Cristopher Patvakanian (from left), Maria Tirnovanu, Claire Pinson, and Sierra Nota participate in Monday night’s panel.

Photos by Kris Snibbe/Harvard Staff Photographer

Nation & World

Finding their place in the world

4 min read

As part of Worldwide Week, students discuss how going abroad changed their lives

Before traveling to Russia over the summer, Sasha Shpitalnik ’19 feared that something might go wrong with her senior thesis research on nongovernmental organizations there, or with the trip in general. But it didn’t. After more than 100 interviews, lots of connections, and plenty of sightseeing in Moscow, St. Petersburg, and Novosibirsk, Shpitalnik realized the trip had enhanced her research and changed her outlook on life.

“I was scared, but I had to force myself to push through and explore the unknown,” said Shpitalnik, a government and Slavic languages and literatures concentrator. “I spent many hours in Gorky Park thinking about my place in Russia and in the world. All the things I learned about myself in Russia will stay with me forever. They have shaped the way I see myself in the world.”

Shpitalnik was one of 12 students who spoke Monday evening during Destination: World, which helped kick off Worldwide Week at Harvard 2018, a program that highlights the University’s global impact.

Students shared stories about the lasting imprint their trips abroad had on their career paths, their world views, and the way they see themselves, and they encouraged other students to get out of their comfort zones, explore the world, and find their passions during their time at Harvard.

For Ellie Underwood ’19, a neurobiology concentrator, trips to Japan allowed her to reconnect with her family roots — her mother is from there — to learn Japanese and to start a journey of self-discovery.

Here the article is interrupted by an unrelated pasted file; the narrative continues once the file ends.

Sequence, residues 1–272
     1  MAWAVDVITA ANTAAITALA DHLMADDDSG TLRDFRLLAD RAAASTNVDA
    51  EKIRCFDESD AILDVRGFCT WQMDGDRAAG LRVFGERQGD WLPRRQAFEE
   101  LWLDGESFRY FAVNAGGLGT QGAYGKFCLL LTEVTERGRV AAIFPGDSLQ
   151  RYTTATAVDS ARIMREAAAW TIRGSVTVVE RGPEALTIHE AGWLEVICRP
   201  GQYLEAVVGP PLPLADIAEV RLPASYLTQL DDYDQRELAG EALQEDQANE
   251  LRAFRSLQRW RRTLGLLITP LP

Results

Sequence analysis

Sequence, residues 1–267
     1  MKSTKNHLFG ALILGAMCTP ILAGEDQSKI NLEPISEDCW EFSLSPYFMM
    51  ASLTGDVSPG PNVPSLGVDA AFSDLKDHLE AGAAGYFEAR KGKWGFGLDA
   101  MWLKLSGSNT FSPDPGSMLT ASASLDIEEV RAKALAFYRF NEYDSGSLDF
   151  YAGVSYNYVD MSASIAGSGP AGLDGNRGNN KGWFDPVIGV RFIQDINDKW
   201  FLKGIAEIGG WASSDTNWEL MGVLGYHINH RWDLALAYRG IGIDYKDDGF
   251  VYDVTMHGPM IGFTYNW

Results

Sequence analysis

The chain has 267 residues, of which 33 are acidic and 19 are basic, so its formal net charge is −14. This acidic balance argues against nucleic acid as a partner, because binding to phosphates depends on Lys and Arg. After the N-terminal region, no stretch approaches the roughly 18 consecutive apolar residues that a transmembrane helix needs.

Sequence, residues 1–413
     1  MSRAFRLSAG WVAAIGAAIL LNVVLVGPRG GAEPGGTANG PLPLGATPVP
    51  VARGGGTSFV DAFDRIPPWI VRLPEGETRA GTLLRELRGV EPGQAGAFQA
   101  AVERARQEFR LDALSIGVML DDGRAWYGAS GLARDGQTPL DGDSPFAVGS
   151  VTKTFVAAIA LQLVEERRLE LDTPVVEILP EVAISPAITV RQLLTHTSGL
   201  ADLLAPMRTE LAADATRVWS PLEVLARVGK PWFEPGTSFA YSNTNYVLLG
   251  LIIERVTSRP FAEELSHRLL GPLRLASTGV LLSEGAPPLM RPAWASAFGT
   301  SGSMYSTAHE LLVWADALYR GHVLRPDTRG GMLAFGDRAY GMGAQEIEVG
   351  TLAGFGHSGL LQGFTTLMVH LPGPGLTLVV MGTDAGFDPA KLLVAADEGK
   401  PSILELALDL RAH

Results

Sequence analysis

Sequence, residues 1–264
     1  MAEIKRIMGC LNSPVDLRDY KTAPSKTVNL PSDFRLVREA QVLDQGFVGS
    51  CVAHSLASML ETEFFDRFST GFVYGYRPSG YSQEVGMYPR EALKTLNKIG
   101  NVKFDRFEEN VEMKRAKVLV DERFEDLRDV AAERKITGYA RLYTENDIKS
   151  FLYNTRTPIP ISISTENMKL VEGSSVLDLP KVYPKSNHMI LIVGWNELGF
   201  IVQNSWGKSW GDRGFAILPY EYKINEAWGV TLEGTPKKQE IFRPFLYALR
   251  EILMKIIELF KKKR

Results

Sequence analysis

“I had the desire to reconnect more deeply with my heritage while at the same time figuring out what it meant to be both Japanese and American and finding my own place between these two countries,” said Underwood. “I know that my journey of discovering my own relationship to Japan will continue for the rest of my life.”

Sasha Shpitalnik and Ellie Underwood.
Sasha Shpitalnik and Ellie Underwood.

In other cases, students traveled to unfamiliar places. Maria Tirnovanu ’20, a social studies concentrator, went to South Korea without knowing the language, and fell in love with the culture.

“There are things out there for each and every one of us,” said Tirnovanu, who plans to return to Korea to do her senior thesis research on social and cultural changes in the country. “Many people say going abroad is going to change your life, and that’s what happened to me.”

In its second year, Worldwide Week features more than 50 events, including seminars and panel discussions, film screenings, exhibits and tours, and other programs from across all the disciplines that show the breadth of Harvard’s global engagement.

“Harvard is in the world, and meaning to be very much of the world,” said Margot Gill, University marshal and administrative dean for international affairs in the Faculty of Arts and Sciences, during her opening remarks. “Harvard’s interest in the world is about what we do globally, but it’s also about what happens here in Cambridge.”

Harvard’s international presence is represented both in the student body and the faculty. There are nearly 5,000 international students at Harvard, hailing from 200 countries. Harvard teaches nearly 100 languages. And 38 percent of the faculty is foreign-born.

The panel discussions cover topics from press freedom in Asia to gender and sexuality in Nigeria to Islam and race, from human rights and the post-1945 international order to environmental health in Latin America. The week will feature cultural performances as well as a healthy dose of entertainment at Thursday’s International Comedy Night with stand-up comic Hari Kondabolu and the Harvard College Stand-Up Comic Society.

The program is co-sponsored by the Office of the Vice Provost for International Affairs and several centers, institutes, and programs that foster research abroad. Among them are Harvard’s Asia Center, the Davis Center for Russian and Eurasian Studies, the David Rockefeller Center for Latin American Studies, the Fairbank Center for Chinese Studies, Harvard China Fund, the Korea Institute, the Lakshmi Mittal and Family South Asia Institute, the Program on U.S.-Japan Relations, the Reischauer Institute of Japanese Studies, and the Weatherhead Center for International Affairs.